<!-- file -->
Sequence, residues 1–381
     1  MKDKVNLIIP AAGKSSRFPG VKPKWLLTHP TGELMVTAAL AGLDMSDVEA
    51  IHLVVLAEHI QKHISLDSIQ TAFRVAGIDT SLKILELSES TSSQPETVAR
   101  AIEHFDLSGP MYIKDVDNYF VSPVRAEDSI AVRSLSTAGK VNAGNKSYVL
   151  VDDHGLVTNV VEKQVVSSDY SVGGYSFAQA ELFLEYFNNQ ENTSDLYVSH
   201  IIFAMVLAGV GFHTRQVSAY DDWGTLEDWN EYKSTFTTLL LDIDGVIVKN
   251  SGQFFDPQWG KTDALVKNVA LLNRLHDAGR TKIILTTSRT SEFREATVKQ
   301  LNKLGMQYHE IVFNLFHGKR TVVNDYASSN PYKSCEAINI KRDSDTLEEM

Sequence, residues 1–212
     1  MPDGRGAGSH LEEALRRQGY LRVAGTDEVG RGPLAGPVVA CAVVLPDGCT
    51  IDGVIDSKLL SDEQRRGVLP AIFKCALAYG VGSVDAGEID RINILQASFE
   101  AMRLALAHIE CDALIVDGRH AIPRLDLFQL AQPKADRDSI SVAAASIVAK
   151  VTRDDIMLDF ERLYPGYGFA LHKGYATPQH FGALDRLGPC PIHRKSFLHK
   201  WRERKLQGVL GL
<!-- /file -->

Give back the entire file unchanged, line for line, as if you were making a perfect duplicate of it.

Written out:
Sequence, residues 1–381
     1  MKDKVNLIIP AAGKSSRFPG VKPKWLLTHP TGELMVTAAL AGLDMSDVEA
    51  IHLVVLAEHI QKHISLDSIQ TAFRVAGIDT SLKILELSES TSSQPETVAR
   101  AIEHFDLSGP MYIKDVDNYF VSPVRAEDSI AVRSLSTAGK VNAGNKSYVL
   151  VDDHGLVTNV VEKQVVSSDY SVGGYSFAQA ELFLEYFNNQ ENTSDLYVSH
   201  IIFAMVLAGV GFHTRQVSAY DDWGTLEDWN EYKSTFTTLL LDIDGVIVKN
   251  SGQFFDPQWG KTDALVKNVA LLNRLHDAGR TKIILTTSRT SEFREATVKQ
   301  LNKLGMQYHE IVFNLFHGKR TVVNDYASSN PYKSCEAINI KRDSDTLEEM

Sequence, residues 1–212
     1  MPDGRGAGSH LEEALRRQGY LRVAGTDEVG RGPLAGPVVA CAVVLPDGCT
    51  IDGVIDSKLL SDEQRRGVLP AIFKCALAYG VGSVDAGEID RINILQASFE
   101  AMRLALAHIE CDALIVDGRH AIPRLDLFQL AQPKADRDSI SVAAASIVAK
   151  VTRDDIMLDF ERLYPGYGFA LHKGYATPQH FGALDRLGPC PIHRKSFLHK
   201  WRERKLQGVL GL